After an hour on the surface, warming up in the pleasant spring sun, watching the humpbacks breach in the distance we start kitting up for our second dive. Seeing that there was only one Manta cleaning in Area 51, we would like to try our luck at the cleaning stations around dive site called Witch's Hat. This dive site is part of the same inshore reef system as Area 51, but lies several kilometres further south. The reef starts at around 12 meters, with several cleaning stations. It is common to find Leopard Sharks and Nurse Sharks, as well as large Fantail Rays resting in the sand on this reef, and it is also the site where we most often come across Frogfish. In other words, always something to look at!

We make our descend over the 'hat' from which the reef was named, and spend some time looking at some Yellowedged Moray Eels who are hiding under a ledge. By the time I have made my photos, the group is nowhere to be seen, but seeing I've only tagged along to take pictures today, I'm not too worried. I head towards the closest cleaning station, hoping I at least can get some 'belly-pictures' for the research centre to identify. That's when I see the huge shadow in front of me. I can't believe my eyes. It was a Humpback mother and calf! They slowly pass me no more than 6-7 meters away, seemingly curious as to who I am and what I am doing. I all of a sudden remember that I am holding a camera, but by the time I have it ready they are gone. I curse myself for getting so distracted and for being so slow. I set the camera to film in case they decide to come back. I get to the cleaning station, but there are no Mantas to be seen. I stay put for a few minutes before I slowly start my swim to the next station. Again, I see a huge shadow before me. I can't believe my luck! More whales! It's an adult, slowly swimming past me. Then another, and another. I count 9 whales! This is absolutely insane! Never before have I even seen a whale underwater, and here I am, right in the middle of nine of them! This time I remember my camera, and start filming the playful whales. They seem to be playing some kind of chase game. First one whale passes me, then two, then another two. They are bumping into each other, flicking their flukes, spinning. All the while they are extremely careful not to touch me, yet I am right in the middle of it. I see some of the whales blowing bubbles. Are they mimicking me? My camera is out of battery, but at the moment I couldn't care less. This is the most amazing display I have ever witnessed. For almost 40 minutes the whales stay with me. Or is it me who stay with the whales? It doesn't matter. Being in the water with one whale is mind blowing. Being surrounded by nine whales for 40 minutes changes your life! With a slap of a fin or a flick of a fluke they could have taken me out. Yet they seemed to somehow understand that I was merely a fragile spectator, out to do no harm, and so they performed their show around me, hitting each other rather than me. It was only later I learned that what I witnessed was most likely competitive behaviour related to the courtship ritual performed by several males chasing, competing and trying to impress one female. I guess the reason they left me out then, was because they didn't particularly look at me as any threat to win the chick. It's ok. She wasn't really my type anyway.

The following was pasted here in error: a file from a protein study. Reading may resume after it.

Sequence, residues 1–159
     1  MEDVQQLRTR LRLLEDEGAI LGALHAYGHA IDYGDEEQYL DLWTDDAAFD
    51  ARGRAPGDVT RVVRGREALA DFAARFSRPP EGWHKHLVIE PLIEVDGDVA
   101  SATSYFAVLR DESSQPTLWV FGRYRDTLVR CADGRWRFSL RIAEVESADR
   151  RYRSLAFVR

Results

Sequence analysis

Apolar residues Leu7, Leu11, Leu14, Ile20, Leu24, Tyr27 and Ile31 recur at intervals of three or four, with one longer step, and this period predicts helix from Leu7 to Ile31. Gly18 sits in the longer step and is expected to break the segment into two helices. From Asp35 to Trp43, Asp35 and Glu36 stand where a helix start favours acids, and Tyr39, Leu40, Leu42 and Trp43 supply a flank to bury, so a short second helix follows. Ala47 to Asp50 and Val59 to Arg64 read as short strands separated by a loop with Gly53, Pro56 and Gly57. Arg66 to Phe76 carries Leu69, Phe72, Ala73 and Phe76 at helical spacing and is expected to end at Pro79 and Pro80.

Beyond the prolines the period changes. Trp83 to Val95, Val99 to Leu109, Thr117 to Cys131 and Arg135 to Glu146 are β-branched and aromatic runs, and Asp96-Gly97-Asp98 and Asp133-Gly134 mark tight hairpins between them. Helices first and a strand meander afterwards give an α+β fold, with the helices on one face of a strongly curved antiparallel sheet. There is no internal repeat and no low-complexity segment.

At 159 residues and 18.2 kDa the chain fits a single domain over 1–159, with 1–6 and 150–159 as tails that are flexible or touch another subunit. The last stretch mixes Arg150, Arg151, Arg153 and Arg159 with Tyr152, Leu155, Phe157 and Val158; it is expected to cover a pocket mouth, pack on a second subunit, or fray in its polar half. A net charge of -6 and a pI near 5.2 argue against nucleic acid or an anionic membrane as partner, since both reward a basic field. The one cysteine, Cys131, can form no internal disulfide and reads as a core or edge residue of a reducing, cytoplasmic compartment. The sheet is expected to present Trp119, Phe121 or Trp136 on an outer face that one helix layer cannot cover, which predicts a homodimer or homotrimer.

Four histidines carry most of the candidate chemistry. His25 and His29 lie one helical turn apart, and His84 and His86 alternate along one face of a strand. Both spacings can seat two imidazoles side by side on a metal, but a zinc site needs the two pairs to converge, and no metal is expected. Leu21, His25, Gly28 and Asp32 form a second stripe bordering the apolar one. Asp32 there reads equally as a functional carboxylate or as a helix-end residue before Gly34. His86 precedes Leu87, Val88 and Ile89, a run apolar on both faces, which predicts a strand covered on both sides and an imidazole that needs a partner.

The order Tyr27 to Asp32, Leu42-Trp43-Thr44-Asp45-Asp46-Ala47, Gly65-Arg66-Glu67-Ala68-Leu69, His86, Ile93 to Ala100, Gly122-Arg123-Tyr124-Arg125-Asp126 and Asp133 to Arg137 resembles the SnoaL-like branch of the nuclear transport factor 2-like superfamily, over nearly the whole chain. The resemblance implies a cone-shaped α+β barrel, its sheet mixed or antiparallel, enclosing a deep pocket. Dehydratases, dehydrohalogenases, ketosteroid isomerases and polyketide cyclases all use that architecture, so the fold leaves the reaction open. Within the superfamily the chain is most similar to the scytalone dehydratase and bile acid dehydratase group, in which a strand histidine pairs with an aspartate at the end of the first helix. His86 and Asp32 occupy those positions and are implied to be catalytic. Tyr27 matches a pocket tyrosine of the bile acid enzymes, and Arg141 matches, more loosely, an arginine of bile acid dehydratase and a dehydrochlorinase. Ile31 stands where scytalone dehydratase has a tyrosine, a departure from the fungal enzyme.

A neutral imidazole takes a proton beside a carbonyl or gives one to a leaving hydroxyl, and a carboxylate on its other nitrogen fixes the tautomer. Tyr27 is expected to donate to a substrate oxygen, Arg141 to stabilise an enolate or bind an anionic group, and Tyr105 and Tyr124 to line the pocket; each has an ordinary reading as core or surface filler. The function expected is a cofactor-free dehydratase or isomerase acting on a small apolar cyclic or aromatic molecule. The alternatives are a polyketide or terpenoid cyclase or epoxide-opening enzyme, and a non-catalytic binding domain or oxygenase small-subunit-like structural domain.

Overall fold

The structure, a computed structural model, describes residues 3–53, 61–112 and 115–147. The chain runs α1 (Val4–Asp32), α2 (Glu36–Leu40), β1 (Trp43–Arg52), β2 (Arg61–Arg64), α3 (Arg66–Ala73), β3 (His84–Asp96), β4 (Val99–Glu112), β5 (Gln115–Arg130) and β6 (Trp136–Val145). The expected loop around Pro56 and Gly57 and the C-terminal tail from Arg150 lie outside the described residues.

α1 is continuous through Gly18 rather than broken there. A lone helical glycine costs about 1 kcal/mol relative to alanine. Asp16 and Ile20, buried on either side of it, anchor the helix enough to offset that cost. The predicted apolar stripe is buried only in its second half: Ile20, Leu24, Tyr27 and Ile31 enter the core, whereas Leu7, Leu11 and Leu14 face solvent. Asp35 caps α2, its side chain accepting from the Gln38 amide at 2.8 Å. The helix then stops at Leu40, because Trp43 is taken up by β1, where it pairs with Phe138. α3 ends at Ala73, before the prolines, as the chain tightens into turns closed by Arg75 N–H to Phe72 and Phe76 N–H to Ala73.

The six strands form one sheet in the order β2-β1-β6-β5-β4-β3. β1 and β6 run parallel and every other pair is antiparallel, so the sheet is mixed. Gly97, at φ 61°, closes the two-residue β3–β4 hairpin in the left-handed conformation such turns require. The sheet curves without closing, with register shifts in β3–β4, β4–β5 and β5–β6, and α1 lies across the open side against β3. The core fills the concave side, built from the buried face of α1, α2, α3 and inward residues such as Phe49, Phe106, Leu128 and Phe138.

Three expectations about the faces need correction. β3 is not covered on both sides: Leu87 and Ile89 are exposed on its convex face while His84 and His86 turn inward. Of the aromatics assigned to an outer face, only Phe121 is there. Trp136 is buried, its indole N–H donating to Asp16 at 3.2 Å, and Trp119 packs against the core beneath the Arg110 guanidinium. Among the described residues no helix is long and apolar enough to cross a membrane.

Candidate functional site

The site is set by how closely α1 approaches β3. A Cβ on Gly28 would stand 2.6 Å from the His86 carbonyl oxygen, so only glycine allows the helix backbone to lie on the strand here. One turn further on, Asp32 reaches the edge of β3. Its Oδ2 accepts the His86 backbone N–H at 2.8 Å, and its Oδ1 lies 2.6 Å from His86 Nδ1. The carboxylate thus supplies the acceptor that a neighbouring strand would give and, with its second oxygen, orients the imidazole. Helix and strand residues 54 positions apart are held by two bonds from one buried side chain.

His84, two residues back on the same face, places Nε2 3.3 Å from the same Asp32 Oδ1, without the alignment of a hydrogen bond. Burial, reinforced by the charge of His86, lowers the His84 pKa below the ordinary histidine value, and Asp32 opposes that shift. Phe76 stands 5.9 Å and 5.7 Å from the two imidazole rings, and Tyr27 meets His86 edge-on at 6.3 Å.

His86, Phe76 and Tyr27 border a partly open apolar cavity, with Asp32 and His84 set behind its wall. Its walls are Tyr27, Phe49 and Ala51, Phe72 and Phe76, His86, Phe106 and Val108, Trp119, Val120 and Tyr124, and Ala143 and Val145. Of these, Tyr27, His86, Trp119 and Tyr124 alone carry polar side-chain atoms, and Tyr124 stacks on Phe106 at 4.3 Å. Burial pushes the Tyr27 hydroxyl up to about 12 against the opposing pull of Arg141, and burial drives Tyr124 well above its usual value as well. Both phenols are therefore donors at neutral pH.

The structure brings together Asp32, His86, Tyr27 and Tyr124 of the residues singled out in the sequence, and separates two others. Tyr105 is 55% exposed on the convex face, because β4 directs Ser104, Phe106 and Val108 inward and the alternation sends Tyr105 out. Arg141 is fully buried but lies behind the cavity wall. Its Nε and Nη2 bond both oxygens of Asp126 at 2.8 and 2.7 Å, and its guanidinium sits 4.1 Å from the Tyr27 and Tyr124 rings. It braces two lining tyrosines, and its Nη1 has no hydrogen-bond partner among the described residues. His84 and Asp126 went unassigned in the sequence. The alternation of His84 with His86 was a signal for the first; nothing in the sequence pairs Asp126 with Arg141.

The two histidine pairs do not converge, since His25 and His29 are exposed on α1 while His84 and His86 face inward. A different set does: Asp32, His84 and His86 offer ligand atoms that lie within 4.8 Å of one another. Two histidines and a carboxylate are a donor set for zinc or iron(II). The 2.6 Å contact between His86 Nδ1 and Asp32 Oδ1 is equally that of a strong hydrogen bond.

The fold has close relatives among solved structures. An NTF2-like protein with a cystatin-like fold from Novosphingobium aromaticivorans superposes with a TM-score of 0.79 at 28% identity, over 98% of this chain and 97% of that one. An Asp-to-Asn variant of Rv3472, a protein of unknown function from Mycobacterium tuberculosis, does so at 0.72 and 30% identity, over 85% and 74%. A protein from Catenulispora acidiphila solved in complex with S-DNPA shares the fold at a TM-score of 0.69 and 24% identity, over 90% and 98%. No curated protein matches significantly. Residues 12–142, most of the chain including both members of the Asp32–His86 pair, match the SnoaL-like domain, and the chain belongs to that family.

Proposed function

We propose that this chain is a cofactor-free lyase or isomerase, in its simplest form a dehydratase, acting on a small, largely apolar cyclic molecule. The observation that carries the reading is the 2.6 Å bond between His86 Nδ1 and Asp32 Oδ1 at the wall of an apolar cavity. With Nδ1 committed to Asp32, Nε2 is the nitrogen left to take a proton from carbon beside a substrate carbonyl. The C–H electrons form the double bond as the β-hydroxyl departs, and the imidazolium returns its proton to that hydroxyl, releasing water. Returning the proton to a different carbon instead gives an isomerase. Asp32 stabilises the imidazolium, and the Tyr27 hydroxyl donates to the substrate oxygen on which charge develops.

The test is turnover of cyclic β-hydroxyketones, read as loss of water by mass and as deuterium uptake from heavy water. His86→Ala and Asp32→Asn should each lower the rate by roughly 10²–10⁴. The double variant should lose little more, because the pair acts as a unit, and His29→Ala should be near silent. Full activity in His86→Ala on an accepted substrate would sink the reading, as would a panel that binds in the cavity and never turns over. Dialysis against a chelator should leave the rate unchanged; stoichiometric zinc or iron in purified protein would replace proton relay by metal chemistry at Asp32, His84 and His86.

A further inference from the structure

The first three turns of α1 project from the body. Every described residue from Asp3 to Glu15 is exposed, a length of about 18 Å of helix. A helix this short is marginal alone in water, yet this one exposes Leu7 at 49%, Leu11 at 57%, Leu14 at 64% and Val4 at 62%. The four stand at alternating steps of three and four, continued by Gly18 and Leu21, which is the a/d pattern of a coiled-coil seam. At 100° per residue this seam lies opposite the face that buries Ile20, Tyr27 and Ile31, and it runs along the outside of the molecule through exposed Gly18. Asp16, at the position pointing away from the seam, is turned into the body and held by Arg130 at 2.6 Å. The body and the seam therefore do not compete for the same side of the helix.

Now this clearly was a good day of diving in Zavora. Not every day turns out like this. Although surprisingly many do! From June through September you're pretty much guaranteed to see Humpback Whales. Even if underwater encounters are rare, they will frequently breach, slap their tales or roll around right next to the boat. Manta Rays can be seen throughout the year, but they do seem to favour our reefs in the cooler southern hemisphere winter months. Still, with or without whales and mantas, diving in Zavora is always good. The reefs are healthy, the activity high. And even though the place has gained popularity over the year, it is still a somewhat hidden gem, an urban legend, in an ever decreasing world of good dive spots. 

Juan & Sarah